Fall of 2013 was a heavy part of my life. I guess that’s how I would describe it. Me and your mom were still married, but the signs and symptoms of a failing marriage were beginning to surface. More and more, it was just you guys and me. I was completely overwhelmed. Little things I had taken for granted were presenting themselves. The shock of this new life was like jumping into an ice-cold spring in December. It was a struggle to simply not shut down. Even just small things seemed to overwhelm me. For example: Mornings. Getting everyone up, fed, dressed, ready for school/daycare, commuting these places was beyond difficult. I’m sorry for the many, many times I took out my frustration on you. It was so unfair to make you with my overreactions while simultaneously trying to figure out and processing what was going on with mom.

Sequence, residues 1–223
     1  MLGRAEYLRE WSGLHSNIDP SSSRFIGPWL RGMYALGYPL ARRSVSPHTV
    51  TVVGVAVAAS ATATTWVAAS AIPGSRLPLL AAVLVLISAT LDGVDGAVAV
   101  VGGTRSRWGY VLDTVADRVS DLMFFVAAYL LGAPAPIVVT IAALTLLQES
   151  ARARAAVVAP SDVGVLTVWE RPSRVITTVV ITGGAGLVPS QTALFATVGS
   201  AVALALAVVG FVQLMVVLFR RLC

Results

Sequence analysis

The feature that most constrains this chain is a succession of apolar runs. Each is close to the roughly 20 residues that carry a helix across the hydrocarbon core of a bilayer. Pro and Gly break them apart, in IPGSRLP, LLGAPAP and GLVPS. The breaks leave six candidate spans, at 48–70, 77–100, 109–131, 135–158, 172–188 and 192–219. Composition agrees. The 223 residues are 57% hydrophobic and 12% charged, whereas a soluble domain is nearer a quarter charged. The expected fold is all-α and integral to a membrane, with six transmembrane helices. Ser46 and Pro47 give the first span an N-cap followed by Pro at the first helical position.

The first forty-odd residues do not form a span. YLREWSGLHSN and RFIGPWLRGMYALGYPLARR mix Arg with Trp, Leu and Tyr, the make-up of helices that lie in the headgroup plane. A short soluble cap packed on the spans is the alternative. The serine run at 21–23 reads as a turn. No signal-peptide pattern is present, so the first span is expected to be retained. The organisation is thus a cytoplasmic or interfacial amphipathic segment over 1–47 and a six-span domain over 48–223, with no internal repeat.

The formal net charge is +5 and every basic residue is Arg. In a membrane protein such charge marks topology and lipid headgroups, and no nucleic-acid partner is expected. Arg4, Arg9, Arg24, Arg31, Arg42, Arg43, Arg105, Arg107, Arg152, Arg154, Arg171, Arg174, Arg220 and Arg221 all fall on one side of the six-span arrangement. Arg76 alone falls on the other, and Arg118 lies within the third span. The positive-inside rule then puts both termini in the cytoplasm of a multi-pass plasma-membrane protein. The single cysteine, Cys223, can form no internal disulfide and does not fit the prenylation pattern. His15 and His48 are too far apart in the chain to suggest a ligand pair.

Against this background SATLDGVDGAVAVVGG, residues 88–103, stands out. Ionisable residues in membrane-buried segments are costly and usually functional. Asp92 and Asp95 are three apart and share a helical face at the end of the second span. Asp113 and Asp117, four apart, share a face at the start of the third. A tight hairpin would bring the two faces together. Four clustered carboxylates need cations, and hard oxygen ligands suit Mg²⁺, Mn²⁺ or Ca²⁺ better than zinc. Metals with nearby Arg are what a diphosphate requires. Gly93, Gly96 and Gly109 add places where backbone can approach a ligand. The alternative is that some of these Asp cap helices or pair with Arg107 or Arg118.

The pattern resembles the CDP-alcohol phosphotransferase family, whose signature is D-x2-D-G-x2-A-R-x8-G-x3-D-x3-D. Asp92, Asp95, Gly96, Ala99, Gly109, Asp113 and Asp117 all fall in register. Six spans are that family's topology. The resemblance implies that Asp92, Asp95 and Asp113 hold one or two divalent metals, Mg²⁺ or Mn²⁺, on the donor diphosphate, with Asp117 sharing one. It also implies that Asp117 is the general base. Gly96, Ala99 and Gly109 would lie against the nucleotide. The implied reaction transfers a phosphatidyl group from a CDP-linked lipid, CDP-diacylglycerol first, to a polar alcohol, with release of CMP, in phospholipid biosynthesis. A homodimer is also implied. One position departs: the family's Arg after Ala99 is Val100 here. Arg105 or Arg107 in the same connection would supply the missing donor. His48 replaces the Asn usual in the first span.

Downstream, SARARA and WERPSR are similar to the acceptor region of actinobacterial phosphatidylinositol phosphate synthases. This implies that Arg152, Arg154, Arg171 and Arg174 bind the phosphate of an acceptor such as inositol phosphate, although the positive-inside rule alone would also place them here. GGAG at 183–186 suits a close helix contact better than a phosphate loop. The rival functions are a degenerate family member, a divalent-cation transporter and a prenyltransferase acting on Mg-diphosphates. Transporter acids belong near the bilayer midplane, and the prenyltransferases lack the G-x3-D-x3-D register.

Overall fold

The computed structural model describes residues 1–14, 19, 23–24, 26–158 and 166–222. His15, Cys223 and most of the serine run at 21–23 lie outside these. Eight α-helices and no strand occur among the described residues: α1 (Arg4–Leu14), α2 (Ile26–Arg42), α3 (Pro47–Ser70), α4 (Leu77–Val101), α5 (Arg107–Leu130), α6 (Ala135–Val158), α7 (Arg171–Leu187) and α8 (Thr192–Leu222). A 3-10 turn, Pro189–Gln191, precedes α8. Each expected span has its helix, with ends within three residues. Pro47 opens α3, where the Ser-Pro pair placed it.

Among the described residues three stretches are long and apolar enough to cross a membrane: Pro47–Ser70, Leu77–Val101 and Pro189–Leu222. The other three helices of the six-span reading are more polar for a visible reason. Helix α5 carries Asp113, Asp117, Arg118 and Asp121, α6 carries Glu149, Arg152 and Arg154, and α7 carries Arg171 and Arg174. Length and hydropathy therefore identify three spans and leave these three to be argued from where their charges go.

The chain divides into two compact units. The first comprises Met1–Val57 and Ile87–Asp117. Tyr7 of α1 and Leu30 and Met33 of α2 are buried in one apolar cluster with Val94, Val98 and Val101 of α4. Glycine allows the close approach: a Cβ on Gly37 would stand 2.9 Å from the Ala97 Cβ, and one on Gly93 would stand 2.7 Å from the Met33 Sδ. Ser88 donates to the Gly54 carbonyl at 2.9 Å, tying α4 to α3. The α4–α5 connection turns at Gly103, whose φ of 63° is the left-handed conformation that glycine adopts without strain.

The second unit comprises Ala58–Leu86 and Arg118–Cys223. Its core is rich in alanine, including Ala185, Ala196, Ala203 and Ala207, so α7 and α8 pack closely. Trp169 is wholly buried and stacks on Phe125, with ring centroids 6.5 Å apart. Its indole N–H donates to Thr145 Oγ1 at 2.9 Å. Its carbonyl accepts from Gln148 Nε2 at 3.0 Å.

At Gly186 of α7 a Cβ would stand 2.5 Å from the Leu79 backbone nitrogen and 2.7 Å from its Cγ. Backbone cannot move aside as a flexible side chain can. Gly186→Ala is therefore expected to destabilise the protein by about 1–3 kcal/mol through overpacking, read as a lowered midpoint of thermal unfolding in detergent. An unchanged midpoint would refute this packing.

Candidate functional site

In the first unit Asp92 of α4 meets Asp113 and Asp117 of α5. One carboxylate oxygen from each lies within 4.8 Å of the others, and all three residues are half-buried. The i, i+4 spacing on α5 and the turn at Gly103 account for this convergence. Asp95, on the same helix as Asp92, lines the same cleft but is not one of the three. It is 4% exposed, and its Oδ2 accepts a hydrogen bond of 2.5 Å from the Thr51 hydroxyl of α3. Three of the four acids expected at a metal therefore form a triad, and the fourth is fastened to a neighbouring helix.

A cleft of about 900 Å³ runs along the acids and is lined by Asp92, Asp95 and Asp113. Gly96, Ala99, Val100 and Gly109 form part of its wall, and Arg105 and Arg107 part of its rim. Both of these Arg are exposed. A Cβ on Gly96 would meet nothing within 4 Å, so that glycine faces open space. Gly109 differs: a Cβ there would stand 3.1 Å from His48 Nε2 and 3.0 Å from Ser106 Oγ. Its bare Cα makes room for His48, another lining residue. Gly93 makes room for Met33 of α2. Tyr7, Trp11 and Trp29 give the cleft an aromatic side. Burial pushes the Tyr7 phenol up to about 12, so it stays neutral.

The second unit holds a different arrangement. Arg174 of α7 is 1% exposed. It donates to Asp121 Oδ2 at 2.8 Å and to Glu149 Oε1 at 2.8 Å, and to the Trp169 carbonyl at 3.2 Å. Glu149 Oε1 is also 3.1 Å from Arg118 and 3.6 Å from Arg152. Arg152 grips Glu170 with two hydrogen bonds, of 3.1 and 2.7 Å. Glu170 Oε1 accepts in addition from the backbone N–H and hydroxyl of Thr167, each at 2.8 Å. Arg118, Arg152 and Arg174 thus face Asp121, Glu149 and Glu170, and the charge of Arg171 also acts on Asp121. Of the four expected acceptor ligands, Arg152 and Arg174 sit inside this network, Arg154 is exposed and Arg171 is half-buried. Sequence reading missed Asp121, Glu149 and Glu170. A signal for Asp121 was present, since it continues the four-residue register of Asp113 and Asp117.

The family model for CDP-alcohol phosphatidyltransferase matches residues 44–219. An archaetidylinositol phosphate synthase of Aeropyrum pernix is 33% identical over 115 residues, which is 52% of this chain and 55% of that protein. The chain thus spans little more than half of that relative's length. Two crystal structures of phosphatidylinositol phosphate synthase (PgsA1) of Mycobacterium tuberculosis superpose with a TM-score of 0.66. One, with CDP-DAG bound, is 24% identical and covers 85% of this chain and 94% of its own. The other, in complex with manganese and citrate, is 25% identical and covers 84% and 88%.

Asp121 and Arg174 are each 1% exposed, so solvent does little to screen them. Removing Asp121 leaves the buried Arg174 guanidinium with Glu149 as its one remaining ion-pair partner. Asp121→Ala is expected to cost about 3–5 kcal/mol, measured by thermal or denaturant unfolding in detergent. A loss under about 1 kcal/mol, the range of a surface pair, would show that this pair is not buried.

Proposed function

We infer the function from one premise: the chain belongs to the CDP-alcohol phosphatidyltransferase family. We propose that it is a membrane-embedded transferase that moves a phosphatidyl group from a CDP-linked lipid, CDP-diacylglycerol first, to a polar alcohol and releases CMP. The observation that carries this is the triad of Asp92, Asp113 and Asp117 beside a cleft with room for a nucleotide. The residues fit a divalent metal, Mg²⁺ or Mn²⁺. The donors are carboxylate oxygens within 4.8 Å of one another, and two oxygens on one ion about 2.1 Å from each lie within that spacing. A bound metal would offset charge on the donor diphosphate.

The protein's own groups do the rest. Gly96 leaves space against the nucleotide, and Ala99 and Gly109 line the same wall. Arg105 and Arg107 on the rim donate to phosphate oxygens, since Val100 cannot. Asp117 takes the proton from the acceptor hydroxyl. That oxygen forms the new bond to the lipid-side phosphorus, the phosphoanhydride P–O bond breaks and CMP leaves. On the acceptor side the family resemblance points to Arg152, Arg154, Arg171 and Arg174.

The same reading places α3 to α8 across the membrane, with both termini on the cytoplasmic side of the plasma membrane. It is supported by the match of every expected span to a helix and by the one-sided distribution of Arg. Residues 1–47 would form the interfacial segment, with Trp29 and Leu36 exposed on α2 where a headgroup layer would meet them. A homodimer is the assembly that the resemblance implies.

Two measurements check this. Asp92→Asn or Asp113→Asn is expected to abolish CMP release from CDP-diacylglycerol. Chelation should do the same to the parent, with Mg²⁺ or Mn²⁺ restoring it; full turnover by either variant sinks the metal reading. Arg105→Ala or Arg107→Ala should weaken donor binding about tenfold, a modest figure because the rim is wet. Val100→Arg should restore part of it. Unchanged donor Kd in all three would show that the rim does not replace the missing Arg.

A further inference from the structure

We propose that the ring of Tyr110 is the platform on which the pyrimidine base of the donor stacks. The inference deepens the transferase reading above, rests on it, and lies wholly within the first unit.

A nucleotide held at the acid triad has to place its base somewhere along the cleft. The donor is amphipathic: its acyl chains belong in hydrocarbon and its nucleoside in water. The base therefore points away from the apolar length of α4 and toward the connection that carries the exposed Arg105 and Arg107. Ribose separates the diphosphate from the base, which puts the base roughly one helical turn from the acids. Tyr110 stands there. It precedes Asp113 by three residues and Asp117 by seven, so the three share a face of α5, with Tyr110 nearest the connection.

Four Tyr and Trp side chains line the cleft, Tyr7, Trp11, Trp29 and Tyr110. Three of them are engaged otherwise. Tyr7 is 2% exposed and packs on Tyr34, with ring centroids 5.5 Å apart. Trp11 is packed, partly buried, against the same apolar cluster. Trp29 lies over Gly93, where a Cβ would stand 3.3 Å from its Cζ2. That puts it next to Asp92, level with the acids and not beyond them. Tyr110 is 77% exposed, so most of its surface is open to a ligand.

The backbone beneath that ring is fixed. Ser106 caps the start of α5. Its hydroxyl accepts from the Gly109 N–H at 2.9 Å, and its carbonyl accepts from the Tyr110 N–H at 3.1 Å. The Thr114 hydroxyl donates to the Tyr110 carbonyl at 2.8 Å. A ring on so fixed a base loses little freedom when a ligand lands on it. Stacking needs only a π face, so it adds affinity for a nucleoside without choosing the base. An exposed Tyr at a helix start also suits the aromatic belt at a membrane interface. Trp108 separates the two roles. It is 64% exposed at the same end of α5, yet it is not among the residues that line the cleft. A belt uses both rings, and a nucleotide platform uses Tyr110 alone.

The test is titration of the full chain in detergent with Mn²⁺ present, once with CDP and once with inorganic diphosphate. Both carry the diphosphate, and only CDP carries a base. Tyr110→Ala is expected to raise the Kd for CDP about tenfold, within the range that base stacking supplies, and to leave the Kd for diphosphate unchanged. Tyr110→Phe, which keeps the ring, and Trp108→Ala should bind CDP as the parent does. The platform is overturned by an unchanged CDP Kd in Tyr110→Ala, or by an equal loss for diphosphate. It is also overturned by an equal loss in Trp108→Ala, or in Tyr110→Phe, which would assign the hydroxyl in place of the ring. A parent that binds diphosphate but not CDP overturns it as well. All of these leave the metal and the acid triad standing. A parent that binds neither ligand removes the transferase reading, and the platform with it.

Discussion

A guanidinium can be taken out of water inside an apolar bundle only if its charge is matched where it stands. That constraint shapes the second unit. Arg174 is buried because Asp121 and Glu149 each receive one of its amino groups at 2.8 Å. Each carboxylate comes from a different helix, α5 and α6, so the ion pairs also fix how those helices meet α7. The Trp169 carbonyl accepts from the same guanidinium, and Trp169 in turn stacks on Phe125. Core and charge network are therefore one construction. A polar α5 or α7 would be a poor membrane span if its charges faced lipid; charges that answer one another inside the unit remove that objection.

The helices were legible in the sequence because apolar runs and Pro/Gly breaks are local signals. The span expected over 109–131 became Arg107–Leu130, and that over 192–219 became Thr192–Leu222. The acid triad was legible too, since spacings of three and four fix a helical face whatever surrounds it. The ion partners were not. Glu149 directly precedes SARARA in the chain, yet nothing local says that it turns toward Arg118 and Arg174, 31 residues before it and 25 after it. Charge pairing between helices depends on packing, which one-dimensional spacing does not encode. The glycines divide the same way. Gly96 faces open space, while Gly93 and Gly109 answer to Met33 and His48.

So back to that Chick-fil-A meal. I had done things in the past with just you guys and me; however, I was going on a few days solo. I was extremely tired remember we having to run a few errands before dinner. Chick-fil-A was your treat. Your ages were 5, 4, just turned 3, and 1. We arrived at dinner, and you guys had kinda had it from all the business prior to dinner. You (and I) were all hungry and cranky. I was holding Olive with one arm while trying to remove shoes from the older three so they could play while I order food. I get that done and stand in line holding Olive waiting to order. Success. I was able to order, get the food to the table, get shoes on everyone, and pass out everyone’s dinner. Then it happened. I still remember it so vividly. Someone spilled their drink all over the food, your clothes, and the floor. There was a lot of crying in that moment. Then, I can’t really remember what exactly happened, but I believe someone hopped out of the booth, slipped on the wet floor, and got hurt. I was that parent at that moment. I’m sure onlookers were in shock at the total wreck of a dinner situation that was happening in our booth. I remember trying to make eye contact with someone to ask them to get me some napkins. Hahahaha, but no one would even look in my direction. It was at that moment that the truth of what single parenting might look like began to set in. It caused me to internally panic. It’s hard to explain what was going in my head at that moment. My brain was flooded, but I couldn’t muster a single thought.